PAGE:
"Y U NO QI ME?" Wireless charging is OK to forgo because it's still a premium feature and not necessary for most people. The critics are all up in arms about this feature missing as though they cannot live without it. But to me, wireless charging is still a luxury that many people won't want. They wouldn't mind plugging in a cable (and often, they have to, as even with wireless charging at home or office, they still need to plug in occasionally when elsewhere). And it's even more pleasurable to plug the cable in with the new reversible USB type C port.

"Having no microSD slot is a dealbreaker." No, dear critics, it's not. If you as a manufacturer values the stability of your Android device, you won't want to have a microSD card slot in it. Google strongly recommends against having one because inferior cards often cause the phone to lag and even crash. Many flagship manufacturers agree and the latest flagships more often than not, do not have these slots because they want their product to be as stable as possible on their premium phone and reduce RMA-related resource wastage. They simply provide an adequate amount of storage to compensate. Which brings me to:

"The 16GB storage is a joke." No, it's a strategy. I'll tell you who else regularly employs this strategy where I live: ICE CREAM stores. Here's their pricing model that wouldn't make sense to you as a consumer, but makes perfect sense as far as profits are concerned: sell single scoop at $6, sell two scoops at $8.50, sell three scoops at $10. Can you see what's going on? A customer who initially wanted only a single scoop may be enticed to spend more by the pricing strategy used - it only costs $2.50 more to get another scoop... and look, it only costs $4 more to get TWO more scoops. OnePlus is being smart and doing this, because they want people to buy 64GB. If you notice, they only have a single scoop and a triple scoop offering. There's no double scoop. And the devices are priced closely. From a bottomline perspective, this makes sense because buyers who initially think they may only need 16GB would see it only costs $60 more to get an additional HUGE amount of storage (48GB) and be enticed to upgrade to 64GB (not everybody will do it, but many will). [Note that the ice cream is just an analogy, and analogies often have flaws. Don't flame me for it.]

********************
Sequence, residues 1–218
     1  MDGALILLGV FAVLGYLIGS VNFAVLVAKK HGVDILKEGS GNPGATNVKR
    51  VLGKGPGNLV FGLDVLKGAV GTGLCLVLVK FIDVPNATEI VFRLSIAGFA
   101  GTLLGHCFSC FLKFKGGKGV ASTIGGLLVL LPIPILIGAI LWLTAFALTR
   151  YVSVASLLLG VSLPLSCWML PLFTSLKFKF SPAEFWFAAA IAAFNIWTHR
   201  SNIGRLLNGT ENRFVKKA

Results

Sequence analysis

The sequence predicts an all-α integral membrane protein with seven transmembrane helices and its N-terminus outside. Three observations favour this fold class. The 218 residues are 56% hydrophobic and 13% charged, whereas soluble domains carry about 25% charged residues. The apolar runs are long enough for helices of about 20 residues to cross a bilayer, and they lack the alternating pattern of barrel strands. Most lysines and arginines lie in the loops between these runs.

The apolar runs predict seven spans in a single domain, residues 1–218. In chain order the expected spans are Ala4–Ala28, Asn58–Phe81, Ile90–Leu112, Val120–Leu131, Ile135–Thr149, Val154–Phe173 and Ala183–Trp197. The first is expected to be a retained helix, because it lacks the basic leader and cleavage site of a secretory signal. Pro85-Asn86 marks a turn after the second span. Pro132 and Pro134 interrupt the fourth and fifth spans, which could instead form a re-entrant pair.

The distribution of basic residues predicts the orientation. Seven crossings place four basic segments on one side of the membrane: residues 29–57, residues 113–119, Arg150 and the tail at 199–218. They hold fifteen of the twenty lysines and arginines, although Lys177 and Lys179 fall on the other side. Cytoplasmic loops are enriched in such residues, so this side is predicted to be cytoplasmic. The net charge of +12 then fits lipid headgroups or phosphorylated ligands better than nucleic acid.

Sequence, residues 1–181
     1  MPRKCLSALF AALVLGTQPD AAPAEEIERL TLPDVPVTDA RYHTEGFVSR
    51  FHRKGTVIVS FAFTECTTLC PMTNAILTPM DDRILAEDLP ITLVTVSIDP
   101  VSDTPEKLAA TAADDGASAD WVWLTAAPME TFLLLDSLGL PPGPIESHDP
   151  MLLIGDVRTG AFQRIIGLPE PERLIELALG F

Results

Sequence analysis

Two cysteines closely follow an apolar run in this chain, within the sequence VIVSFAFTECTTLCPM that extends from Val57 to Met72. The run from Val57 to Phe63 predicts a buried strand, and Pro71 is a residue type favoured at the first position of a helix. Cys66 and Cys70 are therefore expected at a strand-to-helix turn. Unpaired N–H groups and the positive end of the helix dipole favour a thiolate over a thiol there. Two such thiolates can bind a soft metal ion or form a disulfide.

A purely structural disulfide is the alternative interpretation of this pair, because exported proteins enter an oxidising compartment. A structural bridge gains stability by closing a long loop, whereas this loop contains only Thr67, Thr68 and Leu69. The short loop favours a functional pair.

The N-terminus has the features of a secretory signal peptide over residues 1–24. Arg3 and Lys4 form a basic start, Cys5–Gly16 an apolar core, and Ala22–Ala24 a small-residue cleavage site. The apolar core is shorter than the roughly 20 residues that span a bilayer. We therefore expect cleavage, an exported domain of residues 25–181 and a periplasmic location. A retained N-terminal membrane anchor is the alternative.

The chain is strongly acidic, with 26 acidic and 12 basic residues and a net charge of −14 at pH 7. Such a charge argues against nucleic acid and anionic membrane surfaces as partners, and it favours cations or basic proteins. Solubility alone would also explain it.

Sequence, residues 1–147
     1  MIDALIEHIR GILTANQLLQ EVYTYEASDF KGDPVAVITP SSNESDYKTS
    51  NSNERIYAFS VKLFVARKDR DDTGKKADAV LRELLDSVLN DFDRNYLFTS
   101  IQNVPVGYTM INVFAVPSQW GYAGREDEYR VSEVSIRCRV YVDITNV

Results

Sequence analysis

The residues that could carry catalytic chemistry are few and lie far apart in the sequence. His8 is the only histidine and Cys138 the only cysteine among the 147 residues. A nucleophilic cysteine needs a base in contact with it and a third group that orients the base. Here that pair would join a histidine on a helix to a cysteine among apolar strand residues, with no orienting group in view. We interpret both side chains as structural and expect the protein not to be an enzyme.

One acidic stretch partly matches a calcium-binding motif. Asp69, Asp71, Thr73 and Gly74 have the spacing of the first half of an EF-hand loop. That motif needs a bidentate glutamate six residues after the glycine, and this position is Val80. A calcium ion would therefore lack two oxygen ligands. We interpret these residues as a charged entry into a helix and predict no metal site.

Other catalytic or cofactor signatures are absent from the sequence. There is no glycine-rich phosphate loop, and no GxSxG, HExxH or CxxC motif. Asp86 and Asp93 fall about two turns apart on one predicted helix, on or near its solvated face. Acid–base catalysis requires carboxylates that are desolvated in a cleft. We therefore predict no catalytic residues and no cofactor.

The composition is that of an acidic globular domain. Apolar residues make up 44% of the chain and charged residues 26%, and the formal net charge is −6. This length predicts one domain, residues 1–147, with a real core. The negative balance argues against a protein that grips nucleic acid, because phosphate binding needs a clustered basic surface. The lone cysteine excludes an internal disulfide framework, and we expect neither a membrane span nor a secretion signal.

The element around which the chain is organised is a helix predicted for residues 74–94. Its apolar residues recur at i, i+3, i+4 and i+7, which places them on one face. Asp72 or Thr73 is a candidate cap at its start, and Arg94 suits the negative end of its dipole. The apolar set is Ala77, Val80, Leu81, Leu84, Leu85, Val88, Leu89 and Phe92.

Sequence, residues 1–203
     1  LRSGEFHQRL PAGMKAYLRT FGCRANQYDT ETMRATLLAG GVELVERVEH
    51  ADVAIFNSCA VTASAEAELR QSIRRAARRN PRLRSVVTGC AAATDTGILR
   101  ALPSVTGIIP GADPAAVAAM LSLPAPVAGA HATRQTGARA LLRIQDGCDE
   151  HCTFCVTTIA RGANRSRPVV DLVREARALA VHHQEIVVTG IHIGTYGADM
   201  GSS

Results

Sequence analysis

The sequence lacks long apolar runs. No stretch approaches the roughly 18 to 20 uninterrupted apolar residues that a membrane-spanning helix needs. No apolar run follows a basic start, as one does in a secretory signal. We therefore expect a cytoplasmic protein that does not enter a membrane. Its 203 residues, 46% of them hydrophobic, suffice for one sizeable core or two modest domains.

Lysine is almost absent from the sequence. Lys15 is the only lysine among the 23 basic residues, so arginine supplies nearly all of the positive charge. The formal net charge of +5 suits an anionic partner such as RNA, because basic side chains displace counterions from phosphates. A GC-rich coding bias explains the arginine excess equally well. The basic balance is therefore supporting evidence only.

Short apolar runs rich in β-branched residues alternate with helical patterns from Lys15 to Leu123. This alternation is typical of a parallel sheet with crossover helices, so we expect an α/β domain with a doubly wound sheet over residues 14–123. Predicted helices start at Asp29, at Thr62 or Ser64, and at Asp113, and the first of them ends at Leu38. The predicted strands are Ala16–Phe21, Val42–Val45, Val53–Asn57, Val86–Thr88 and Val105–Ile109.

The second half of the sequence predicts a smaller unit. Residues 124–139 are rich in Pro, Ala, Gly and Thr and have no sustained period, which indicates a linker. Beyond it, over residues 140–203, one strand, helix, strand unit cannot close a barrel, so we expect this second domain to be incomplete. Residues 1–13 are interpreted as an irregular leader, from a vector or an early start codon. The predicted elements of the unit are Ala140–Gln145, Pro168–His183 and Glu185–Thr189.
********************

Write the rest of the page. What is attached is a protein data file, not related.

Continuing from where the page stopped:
"The display is only 1080p. We want Quad-HD." Seriously, WHY? What on earth are you going to do with a 4K resolution 5.5" screen? There comes a point where bigger stops being better, and many critics don't know when to stop asking for bigger. Did you know that OnePlus 2 has the exact same display specs as the iPhone 6 Plus. Same resolution, same diagonal size, same PPI (called Retina HD by Apple). If you looked at an iPhone 6 Plus and thought the display is crisp and gorgeous, it's gonna be the same when you look at OnePlus 2. There is really no need to ask for a bigger resolution (unless you're entering the tablet territory) because a 4K display would be a HUGE battery drain with no visual advantage. We can't already discern the pixels at the 401 ppi density unless we use a magnifying glass, so what are we going to do with 500 or 600 ppi displays?

Although, there is one avenue where a 4K or higher PPI resolution would help: VR. Because of the nature of VR headset design (like the Google Cardboard), the pixels are greatly enlarged, and while you can make out what's going on, the individual pixels are staring right at your face. A 4K resolution would give clearer images when the phone is used in a clip-on VR headset. But then, who uses their phone as a VR device everyday?

So, yes the OnePlus 2 can be a total Flagship Killer of the next year, if it is properly future-proofed with the addition of NFC and wireless charging. But even without the option to add them on, it's still a delectable phone to have at the price point.

What are you thoughts on the matter? Is the OnePlus 2 really the 2016 Flagship Killer?

BTW, did you know that OnePlus 2 equals 3?